Death On A Dime: Cheaper options for burying loved ones

Dust to Dust Green Burial
Dust to Dust Green Burial

By Brandi Cummings - bio | email

SWANSEA, SC (WIS) - As the saying goes, you're guaranteed two things in life -- death and taxes. The death of a loved one is something many of us don't like to talk about, but the cost of burying that person -- is enough to get the discussion going. Funeral costs can be out of sight, but there are some more affordable yet dignified options for that final goodbye.

When you think of a funeral, many people think about the casket, the church service and grave burial. But there are many other choices, especially if you're looking to reduce costs.

It is an inevitable part of life. "It's something we simply don't like to talk about," said Overton Ganong of the Funeral Consumers Alliance of South Carolina.

Dealing with death is hard. Not planning for it makes it worse. "It was such a whirlwind event, it was really kind of just numbing," said Tammy Chapman.    

Cancer took Chapman's father Julian, and she was responsible for the funeral. He owned a burial plot, but didn't have life insurance. That left Tammy with few options. "When he passed unexpectedly like that, we had literally just enough money to bury him," said Chapman.

Tammy's situation is all too familiar to the Funeral Consumers Alliance. "We see a lot of times families getting into real disagreements at the time of the death when there has been no conversation around these issues," said Ganong.

Ganong says families should talk about what they want. Tight budgets make that conversation crucial. "Funerals are not inexpensive," said Greg Dunbar, who manages a funeral home in Columbia.
He says the average cost for a traditional funeral is $8,000. That includes everything from embalming to flowers.
According to a price survey done by the FCASC, the average price of embalming in the Midlands is $613. But most steps of a traditional funeral are optional. For instance, there's no need to embalm if there's no viewing or open casket. Another traditional funeral option is caskets. Prices range from $1,000 to $10,000. "A casket is certainly a profit center for a funeral home," said Ganong.

You could always shop around. We found caskets for sale online at Costco and Wal-mart. Just have it shipped to the funeral home, and legally they can't turn it away.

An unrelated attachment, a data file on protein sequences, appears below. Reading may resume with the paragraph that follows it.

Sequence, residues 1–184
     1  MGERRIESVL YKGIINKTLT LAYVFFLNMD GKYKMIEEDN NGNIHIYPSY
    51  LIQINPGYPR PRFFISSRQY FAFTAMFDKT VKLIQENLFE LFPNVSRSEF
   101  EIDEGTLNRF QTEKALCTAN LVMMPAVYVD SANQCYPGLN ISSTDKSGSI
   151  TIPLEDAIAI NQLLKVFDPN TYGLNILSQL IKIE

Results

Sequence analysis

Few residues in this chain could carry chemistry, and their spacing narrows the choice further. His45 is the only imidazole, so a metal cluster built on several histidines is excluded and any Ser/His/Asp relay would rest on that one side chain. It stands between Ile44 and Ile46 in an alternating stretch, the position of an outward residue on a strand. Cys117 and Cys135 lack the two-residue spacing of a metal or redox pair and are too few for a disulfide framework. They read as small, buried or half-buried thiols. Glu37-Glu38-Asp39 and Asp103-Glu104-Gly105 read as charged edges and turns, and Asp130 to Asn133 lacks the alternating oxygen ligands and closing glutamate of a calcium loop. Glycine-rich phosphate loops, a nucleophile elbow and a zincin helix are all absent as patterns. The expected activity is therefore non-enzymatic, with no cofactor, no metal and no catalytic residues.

The vault is another way to save. One Midlands funeral home charges $30,000. Ganong says it's cosmetic. "Regardless of whether the body is embalmed, regardless of whether it's in a casket or in a vault, the body will eventually decay," said Ganong.

A traditional funeral is still the most common, but you do have options. "It's a cleaner, faster way of doing in a few hours, what mother nature does in many years," said Ray Visotski, who owns the SC Cremation and Burial Society in Graniteville.
He says a simple cremation there costs $1,595 dollars, a fraction of the traditional route. That includes everything from cremation to returning the ashes.
Ray says he did well in the recession, with people looking to no break the bank. "It's not always the first choice, but sometimes they just don't have that choice," said Visotski.

But there is a less expensive and more earth friendly option. "It's every bit as respectful and professional as what you're going to find anywhere else," said Michael Bishop. "It's just not as wasteful."

Last year, Bishop started a green cemetery in Swansea. He got the idea after seeing a bad car crash on the way home from work. "That night I started thinking about it and making calls, then I realized just how expensive a cemetery plot was and I said 'well, I just want to be buried on my farm," he said.
He showed us the two acres of family land where right now, only three rest. Michael doesn't handle funerals, only burial. No embalming, no fancy headstones. The total cost is $1,000.

"You're protecting land, you're just going back to earth naturally, which you're going to do at some point anyway, just much quicker my way," said Bishop. "And you're not putting anything dangerous into the ground."

Michael's business is the second green burial site in the state. The first in the country started in Westminster, South Carolina, but the idea is a "throwback." "In the 19th century, the 18th century, people were usually buried wither in plain wooden boxes or in shrouds," said Ganong.
Time has brought change, and every year you can expect to see prices change too. "The funeral homes are pretty much at liberty to set their prices as they see fit and to adjust them to what they consider their clientele would be willing to pay," said Ganong.

For Tammy Chapman, paying expensive funeral costs wasn't an option, so she chose to bury her dad here on Michael's farm. "I know that the fact that he was buried in his wishes, that in and of itself is, I took care of what he desired," said Chapman.

Of all the people we spoke with for this story, all agree that it's important to get the conversation started when it comes to final expenses, burial options, and even life insurance.

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